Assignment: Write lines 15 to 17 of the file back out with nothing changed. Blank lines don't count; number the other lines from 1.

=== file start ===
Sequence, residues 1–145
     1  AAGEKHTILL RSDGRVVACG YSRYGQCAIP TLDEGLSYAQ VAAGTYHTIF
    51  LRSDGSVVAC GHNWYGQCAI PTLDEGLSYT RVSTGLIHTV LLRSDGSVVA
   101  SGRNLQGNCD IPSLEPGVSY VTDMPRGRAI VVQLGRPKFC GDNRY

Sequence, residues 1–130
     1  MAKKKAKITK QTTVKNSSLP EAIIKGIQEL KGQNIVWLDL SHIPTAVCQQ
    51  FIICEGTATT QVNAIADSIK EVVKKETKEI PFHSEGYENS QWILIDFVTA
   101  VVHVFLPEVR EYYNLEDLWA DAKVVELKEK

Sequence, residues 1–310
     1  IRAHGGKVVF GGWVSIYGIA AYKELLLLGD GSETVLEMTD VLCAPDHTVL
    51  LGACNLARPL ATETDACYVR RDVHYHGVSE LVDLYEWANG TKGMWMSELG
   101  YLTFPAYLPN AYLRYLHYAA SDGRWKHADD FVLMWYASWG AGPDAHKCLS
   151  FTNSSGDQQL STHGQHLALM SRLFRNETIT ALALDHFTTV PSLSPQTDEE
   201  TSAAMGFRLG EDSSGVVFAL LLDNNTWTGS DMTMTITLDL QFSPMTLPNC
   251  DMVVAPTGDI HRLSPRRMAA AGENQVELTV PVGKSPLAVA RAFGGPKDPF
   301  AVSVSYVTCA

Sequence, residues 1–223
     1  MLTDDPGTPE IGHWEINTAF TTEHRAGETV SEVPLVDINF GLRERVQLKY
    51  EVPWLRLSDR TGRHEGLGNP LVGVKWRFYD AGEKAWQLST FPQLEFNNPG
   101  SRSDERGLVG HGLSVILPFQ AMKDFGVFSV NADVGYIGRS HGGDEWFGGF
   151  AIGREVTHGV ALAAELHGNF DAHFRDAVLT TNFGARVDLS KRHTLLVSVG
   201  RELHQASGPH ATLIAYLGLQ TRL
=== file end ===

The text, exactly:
   251  DMVVAPTGDI HRLSPRRMAA AGENQVELTV PVGKSPLAVA RAFGGPKDPF
   301  AVSVSYVTCA

Sequence, residues 1–223